We note with dismay the news that special interests with a stake in the outcome of the subsistence debate are meeting next week in Anchorage -- behind closed doors.
The explanation offered by Senate Resources Chairman John Torgerson, R-Kasilof, the organizer of the get-together, is that the special legislative session called by Gov. Tony Knowles to deal with the thorny issue fizzled.
Among those reportedly invited to the closed-door meeting are the Alaska Federation of Natives, the Alaska Outdoors Council, the United Fishermen of Alaska and the Alaska Professional Hunters Association.
Torgerson was quoted this way in the Daily News: ''This is not show and tell, this is time to cut a deal.'' If a ''deal'' can be reached among the participants, public hearings would be scheduled later, he said.
Wait just a darn minute.
That's a cart-before-the-horse way to handle one of the most explosive issues in the state. What we'll do, Torgerson seems to be saying, is settle the matter among the special interests -- some of whom have a financial stake in the outcome -- and let ordinary citizens in on the ''deal'' later.
Why would anybody think that Alaskans not invited to the secret meeting -- no matter their position on subsistence -- would blindly go along with whatever the ''deal'' turns out to be? How will ordinary people know their rights were protected? How will they know who to believe when they cannot hear the arguments for and against any part of the ''deal'' that was reached? And how does this kind of thing increase, by even an iota, citizens' trust in government?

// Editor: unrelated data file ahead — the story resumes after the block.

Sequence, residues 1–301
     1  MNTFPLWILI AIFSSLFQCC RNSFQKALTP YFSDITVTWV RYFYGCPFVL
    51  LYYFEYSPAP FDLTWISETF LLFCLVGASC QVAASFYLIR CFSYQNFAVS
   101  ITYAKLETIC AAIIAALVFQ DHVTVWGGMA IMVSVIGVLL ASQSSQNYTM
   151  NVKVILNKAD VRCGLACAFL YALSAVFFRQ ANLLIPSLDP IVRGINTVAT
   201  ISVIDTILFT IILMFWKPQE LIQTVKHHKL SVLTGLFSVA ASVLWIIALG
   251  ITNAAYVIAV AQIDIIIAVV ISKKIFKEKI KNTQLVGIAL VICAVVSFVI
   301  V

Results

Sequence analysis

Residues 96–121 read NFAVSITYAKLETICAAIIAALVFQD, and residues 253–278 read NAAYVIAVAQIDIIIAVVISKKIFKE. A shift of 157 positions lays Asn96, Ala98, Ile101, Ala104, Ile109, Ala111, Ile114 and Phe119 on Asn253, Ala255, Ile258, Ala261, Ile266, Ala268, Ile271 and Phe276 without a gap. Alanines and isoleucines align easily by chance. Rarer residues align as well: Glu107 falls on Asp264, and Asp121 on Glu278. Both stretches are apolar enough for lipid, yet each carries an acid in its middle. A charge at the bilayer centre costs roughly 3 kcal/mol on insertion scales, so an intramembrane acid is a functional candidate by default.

There is an increasing lust by government at all levels to operate more and more in secrecy. The excuses more often than not are expediency and necessity. Nobody will speak their true mind in public, secrecy proponents say, and nothing will get done if the proceedings are open to the public.
In truth, far too often, the closed door is nothing more than protection for people who don't want to be held accountable for their actions, their thinking or their speech. Despite the yammering to the contrary, it has nothing to do with good government. It has to do with getting away with murder while the ordinary citizen is left holding the bag.
There is no excuse for closed-door meetings such as those proposed by Sen. Torgerson, and nobody with an IQ above room temperature would accept any ''deal'' crafted in such secrecy -- belated public hearings or not.
Harry Truman said it best: ''Secrecy and a free, democratic government don't mix.''
That is obvious to us. It's sad so many politicians just don't get it.
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